Stephen Gostkowski and the Patriots have fared well with the new kickoff rule. (Mark J. Rebilas/USA Today Sports)
FOXBORO — It’s been three weeks of regular season games with the new kickoff rules where touchbacks go out to the 25-yard line, not the 20-yard line, and it’s apparent it’s changed the Patriots’ approach.
In the first three games of last season, Stephen Gostkowski had 18 touchbacks in 24 attempts (75 percent). In the first three games this season, he has 12 touchbacks in 18 attempts (66 percent). While it’s only a nine percent difference, it’s worth noting the Patriots have been involved in two blowout games (up 31-3 over Miami and beat Houston 27-0), so the numbers might have been even more different if those games were more competitive.
“It’s still three weeks in, it’s hard to get a feel for it. I just do what I am told,” Gostkowski said. “There are some times where I don’t kick a touchback and I am trying to. There are times when I try and kick a touchback and I don’t. It’s not all as calculated as people may think. To give five free extra yards without making them earn it, we have a lot of guys that work too hard to just give away that kind of field position. We’re happy with the start we’ve had with that unit. We have to continue to keep making plays. We’re excited we can help the team any way we can.”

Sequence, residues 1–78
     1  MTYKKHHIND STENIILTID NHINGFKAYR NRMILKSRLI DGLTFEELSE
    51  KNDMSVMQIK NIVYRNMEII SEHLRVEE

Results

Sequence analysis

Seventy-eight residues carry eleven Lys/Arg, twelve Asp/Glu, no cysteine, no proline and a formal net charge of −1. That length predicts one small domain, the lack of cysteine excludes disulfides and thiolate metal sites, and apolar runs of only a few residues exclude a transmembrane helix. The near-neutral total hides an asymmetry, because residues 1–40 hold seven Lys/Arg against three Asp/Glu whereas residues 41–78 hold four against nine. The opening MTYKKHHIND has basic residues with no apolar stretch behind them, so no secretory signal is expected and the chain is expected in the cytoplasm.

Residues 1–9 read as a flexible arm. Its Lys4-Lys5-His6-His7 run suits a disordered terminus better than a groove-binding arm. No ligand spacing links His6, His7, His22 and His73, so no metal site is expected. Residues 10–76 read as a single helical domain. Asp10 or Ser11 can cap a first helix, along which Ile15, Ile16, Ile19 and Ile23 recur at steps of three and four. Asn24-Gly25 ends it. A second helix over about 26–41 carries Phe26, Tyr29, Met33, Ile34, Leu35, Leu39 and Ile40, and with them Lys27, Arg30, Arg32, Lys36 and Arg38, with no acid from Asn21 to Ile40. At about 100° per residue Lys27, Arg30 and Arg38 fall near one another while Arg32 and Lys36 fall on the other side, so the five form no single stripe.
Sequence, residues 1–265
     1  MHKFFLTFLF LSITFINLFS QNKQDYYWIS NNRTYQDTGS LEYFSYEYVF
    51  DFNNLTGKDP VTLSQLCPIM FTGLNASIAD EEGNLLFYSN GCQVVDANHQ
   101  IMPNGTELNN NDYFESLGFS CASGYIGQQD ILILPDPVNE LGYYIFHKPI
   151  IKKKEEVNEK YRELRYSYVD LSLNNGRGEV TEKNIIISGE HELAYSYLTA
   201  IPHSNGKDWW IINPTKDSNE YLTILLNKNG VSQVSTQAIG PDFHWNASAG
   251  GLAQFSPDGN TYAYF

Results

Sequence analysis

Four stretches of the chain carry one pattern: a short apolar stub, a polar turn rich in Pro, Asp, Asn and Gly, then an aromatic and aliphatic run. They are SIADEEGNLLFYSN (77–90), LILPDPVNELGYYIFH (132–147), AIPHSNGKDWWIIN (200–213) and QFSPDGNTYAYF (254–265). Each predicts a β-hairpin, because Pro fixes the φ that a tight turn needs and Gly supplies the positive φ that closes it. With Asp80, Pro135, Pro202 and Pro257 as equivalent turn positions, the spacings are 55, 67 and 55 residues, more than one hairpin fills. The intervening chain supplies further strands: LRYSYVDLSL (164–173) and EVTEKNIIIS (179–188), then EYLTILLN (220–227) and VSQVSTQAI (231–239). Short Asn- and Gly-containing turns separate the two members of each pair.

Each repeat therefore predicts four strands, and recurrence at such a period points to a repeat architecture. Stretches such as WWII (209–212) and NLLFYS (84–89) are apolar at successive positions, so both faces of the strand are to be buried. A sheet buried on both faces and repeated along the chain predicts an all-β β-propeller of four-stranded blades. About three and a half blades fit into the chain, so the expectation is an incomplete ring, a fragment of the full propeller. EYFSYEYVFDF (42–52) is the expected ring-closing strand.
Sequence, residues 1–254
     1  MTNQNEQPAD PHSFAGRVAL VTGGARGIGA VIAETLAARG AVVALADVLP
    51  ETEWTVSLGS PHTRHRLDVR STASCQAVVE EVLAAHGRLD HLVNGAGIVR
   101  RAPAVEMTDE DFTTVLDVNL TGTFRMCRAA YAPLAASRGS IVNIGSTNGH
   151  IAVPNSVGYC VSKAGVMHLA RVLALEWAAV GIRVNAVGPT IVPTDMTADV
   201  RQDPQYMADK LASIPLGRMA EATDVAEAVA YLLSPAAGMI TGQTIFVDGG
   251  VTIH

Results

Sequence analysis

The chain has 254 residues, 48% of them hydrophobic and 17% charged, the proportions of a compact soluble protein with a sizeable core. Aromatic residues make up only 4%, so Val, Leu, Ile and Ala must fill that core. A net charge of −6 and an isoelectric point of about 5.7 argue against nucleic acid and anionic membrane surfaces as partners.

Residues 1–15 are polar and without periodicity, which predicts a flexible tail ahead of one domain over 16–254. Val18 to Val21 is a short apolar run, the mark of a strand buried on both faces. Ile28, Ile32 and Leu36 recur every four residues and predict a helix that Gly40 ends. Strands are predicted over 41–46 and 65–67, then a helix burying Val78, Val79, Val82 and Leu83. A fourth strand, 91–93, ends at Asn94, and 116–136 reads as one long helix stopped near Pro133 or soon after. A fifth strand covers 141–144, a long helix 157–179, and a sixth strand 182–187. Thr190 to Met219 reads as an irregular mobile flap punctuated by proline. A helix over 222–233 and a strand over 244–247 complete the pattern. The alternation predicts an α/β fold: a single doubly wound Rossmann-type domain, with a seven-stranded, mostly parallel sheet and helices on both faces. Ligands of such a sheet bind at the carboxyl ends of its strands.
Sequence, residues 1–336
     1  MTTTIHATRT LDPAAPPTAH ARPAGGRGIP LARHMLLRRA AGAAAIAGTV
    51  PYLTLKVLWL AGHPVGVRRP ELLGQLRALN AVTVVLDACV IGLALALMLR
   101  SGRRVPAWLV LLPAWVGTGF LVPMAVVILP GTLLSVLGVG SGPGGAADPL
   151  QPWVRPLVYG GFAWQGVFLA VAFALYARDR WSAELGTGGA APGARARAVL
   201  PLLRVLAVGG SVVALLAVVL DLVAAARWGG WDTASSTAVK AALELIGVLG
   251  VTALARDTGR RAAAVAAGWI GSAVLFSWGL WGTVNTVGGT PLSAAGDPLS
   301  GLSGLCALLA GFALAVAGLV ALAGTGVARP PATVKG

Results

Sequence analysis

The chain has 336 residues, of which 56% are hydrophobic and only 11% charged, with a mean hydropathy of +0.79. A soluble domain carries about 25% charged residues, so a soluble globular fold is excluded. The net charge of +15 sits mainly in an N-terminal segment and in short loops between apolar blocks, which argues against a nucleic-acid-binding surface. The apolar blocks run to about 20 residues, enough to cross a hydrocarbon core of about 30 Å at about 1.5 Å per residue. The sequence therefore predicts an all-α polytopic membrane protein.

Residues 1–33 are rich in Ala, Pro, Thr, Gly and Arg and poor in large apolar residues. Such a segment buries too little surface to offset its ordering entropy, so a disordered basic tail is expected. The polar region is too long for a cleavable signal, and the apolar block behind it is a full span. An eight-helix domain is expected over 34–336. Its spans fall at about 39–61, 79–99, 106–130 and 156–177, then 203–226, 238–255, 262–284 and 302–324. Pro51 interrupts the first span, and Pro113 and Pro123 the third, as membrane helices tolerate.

When Gostkowski doesn’t blast a kick as far as he can deep into the end zone, it seems he has opted for a pop-up type kick trying to have the returner catch it inside the 10-yard line on the right side of the field, which allows the coverage team to get down the field in a hurry to hopefully stop him before he gets to the 20-yard line.
“It’s always a mystery, man,” Gostkowski said. “We’re a week-to-week team. I just do what the coaches tell me to do. I try and it do it my best.”
Gostkowski said there hasn’t been much adjustment to his preparation with the increased number of pop-up kicks as it isn’t a dramatic change.
“You still have to kick it 65 yards, it’s not like I am swinging a pitching wedge,” he said. “You have to be a little more precise with what you’re doing where in the past few years you might just kick it as far as you can. There’s a little adjustment, but we’re not re-inventing the wheel here.”
So while it’s just been three games, the Patriots opponents following kickoffs have had their average starting point be the 21-yard line, including two fumbles, so Gostkowski and the special teams unit have done its job.
“I’d say we’ve fared pretty well so far, but we have a lot work to keep going,” Gostkowski said. “Those guys are good covering kicks, I just have to put them in a position to make plays.”